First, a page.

The Plan

The National Emergency Plan for Nuclear accidents (NEPNA) is designed to ensure that Ireland can respond quickly to any major accident at an overseas nuclear installation which might lead to radioactive contamination reaching Ireland.

The Department of the Environment, Community and Local Government has published an information booklet on NEPNA as well as a summary leaflet of the main points.

How would a nuclear accident affect Ireland?

A nuclear accident abroad would not pose any immediate danger to the population of Ireland. Even a major nuclear accident in the UK would be incapable of causing radioactive contamination in Ireland that could instantly harm people.

Any resulting radioactive contamination in Ireland that causes higher radiation doses than normal could result in slight increases in certain types of cancer in the years and decades following a nuclear incident.  However, it is unlikely that any increase in cancer rates would be detectable over current rates.

The severity of that risk would depend on the quantity and the type of radioactive contamination reaching Ireland. The risk could be substantially reduced by minimising radiation exposure to the population.

How radioactivity would reach Ireland

Radioactive material that is released into the atmosphere could be blown over Ireland by the wind, like a plume of smoke from a fire.

The concentration of radioactivity would become more diluted as the plume spread over a greater distance.

Rainfall coinciding with the appearance of a radioactive plume could magnify its impact, by washing radioactive substances down to the ground.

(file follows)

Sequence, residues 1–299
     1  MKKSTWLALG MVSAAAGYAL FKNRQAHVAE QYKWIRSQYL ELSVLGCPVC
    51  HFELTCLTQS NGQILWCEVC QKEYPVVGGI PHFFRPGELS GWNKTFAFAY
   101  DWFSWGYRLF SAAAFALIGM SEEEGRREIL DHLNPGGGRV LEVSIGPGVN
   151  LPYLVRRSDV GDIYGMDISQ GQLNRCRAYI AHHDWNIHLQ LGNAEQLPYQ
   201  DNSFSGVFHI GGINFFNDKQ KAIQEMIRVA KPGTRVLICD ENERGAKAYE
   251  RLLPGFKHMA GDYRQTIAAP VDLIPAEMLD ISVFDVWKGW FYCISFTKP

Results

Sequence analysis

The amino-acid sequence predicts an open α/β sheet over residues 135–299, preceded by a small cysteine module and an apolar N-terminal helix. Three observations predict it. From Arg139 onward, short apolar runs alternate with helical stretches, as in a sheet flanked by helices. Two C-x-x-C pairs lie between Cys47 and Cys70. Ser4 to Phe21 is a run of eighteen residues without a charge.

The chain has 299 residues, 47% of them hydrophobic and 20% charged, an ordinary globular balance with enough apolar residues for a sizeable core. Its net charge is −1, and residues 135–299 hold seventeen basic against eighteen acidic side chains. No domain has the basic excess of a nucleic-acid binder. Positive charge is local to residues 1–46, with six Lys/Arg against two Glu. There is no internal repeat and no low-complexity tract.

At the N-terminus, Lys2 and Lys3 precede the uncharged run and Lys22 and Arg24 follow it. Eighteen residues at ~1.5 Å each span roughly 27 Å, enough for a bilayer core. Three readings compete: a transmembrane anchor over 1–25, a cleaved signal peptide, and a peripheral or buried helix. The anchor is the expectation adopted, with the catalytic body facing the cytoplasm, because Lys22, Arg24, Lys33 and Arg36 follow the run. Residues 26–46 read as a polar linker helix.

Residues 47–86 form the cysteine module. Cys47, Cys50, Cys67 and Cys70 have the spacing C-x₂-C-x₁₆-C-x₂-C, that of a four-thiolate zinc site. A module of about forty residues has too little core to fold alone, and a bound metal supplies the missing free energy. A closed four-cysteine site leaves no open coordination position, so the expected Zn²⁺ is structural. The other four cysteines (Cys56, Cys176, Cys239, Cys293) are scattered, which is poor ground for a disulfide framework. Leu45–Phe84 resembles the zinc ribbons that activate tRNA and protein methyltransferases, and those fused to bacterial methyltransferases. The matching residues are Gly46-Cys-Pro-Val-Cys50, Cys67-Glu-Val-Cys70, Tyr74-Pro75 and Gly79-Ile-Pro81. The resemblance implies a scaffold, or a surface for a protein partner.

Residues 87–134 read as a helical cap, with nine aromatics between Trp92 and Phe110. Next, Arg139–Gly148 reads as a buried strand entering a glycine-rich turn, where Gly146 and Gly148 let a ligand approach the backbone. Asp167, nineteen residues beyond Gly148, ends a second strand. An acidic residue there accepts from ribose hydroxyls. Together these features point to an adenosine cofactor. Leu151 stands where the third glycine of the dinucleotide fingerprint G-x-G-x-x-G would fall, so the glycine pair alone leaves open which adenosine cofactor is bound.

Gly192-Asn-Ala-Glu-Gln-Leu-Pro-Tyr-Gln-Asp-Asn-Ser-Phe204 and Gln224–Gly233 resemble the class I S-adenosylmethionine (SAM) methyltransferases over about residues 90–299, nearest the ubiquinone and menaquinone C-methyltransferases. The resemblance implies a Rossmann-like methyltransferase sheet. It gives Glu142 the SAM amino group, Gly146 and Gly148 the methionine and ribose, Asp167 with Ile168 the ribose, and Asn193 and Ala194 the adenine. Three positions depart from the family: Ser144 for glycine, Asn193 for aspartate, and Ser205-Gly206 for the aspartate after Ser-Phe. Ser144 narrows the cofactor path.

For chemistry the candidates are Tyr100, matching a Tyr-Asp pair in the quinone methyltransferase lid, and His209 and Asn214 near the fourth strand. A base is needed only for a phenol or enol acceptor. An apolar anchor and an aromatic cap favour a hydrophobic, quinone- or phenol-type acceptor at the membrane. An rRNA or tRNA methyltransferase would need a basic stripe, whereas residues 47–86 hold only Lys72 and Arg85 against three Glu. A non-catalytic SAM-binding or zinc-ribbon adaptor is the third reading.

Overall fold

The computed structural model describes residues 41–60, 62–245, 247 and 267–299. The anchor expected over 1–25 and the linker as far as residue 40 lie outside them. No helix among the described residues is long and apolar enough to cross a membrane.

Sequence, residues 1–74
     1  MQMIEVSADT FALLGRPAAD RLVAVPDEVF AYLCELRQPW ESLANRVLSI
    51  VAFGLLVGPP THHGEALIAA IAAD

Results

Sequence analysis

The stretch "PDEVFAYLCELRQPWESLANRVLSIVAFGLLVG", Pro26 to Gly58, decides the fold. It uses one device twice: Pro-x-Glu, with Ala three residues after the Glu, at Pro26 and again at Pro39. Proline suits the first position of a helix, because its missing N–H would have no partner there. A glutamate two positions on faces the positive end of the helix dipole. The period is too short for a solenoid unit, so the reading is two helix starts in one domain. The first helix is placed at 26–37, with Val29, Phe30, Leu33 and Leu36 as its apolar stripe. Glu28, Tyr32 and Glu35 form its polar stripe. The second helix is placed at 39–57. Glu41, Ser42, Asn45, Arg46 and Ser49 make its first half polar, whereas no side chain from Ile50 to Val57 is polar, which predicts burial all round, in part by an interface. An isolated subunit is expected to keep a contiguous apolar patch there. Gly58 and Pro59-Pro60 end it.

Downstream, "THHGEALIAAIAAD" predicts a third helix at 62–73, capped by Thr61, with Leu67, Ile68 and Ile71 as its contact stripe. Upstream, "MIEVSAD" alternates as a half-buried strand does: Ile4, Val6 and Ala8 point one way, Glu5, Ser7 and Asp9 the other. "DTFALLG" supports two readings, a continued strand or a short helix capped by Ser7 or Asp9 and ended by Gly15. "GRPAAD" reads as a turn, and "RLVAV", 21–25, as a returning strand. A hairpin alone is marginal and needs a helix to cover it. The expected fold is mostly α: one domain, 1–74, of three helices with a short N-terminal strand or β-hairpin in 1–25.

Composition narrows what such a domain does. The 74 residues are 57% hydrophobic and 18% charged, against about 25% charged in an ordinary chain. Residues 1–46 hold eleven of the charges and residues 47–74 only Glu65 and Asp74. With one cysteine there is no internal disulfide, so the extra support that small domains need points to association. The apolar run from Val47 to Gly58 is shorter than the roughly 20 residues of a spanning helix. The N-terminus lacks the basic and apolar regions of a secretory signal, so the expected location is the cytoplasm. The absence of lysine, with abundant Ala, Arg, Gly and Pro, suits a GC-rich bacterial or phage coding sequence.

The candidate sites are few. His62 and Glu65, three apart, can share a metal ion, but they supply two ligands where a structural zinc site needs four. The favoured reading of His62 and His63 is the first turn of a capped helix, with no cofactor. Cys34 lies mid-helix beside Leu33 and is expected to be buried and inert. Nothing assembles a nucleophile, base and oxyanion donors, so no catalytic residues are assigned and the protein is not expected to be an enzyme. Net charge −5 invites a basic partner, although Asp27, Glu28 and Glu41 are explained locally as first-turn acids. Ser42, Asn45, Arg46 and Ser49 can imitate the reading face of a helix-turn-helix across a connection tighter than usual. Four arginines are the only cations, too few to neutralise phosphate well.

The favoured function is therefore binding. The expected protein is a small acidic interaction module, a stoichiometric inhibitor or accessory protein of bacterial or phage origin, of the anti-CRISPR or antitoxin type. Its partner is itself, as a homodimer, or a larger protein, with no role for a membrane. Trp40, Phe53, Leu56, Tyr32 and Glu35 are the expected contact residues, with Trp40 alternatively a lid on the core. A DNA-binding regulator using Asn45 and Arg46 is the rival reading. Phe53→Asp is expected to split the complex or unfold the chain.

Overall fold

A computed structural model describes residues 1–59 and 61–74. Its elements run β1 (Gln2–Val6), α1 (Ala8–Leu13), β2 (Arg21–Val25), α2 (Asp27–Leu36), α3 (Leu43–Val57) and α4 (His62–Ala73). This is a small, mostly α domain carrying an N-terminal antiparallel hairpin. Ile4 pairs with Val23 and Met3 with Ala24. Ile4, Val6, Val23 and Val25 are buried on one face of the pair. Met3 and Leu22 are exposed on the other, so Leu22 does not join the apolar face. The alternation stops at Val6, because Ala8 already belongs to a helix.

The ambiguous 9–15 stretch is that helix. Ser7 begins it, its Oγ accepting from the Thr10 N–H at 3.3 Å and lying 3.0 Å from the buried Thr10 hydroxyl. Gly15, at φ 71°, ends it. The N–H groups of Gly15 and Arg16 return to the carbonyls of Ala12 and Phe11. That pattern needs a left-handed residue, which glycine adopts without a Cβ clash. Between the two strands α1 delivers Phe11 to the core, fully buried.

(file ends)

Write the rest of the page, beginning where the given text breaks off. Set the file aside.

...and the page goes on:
The three routes to radiation exposure

If radioactive contamination were to reach Ireland following a nuclear incident abroad, the population would be exposed via three channels:

  • Through direct external contact with radioactive substances in the air and on the ground
  • By inhaling radioactive substances in the atmosphere
  • By consuming contaminated food or water

How would NEPNA help reduce that exposure?

The central aim of NEPNA is to minimise exposure to radiation.  The plan involves:

Raising the alarm

There are two international early-warning systems, hosted by the IAEA and the EU, in place which would notify the Irish Government instantly of any threat.

Ireland has a bilateral agreement with the UK. Ireland will be informed directly in the event of a nuclear accident in the UK.

The EPA’s 24-hour radiation monitoring network will automatically trigger an alarm if it detects any elevated radiation levels.

Assessing the risk

Meteorologists from Met Éireann will calculate wind speed and direction, and the likelihood of rainfall in any affected part of Ireland. The EPA will assess the potential radiation doses that could occur.

Taking protective actions

If any risk is anticipated, the media will be utilised to alert and advise the public.  In Ireland, the most likely protective actions would be:

  • Instructing people to stay indoors until the radioactive plume has passed over.
  • Restricting the consumption of contaminated food, water and animal feed.

For information and advice on the measures you should take to protect yourself and your family, go to What Do I Do?

Taking long term precautions

After the immediate crisis has subsided, NEPNA will continue to operate for as long as required. In the meantime, you should continue to follow our advice.

In the first few days after the emergency, samples of vegetation, soil and other environmental materials from around the country will be analysed and measured for quantities and types of radioactivity.

Close surveillance will continue for weeks, months, or longer if necessary. The public will be kept fully informed, and advised of any action they need to take to minimise radiation exposure.

There will be close monitoring of livestock and foodstuffs susceptible to radioactive contamination. If necessary, controls and restrictions will be imposed to protect the public from contaminated food.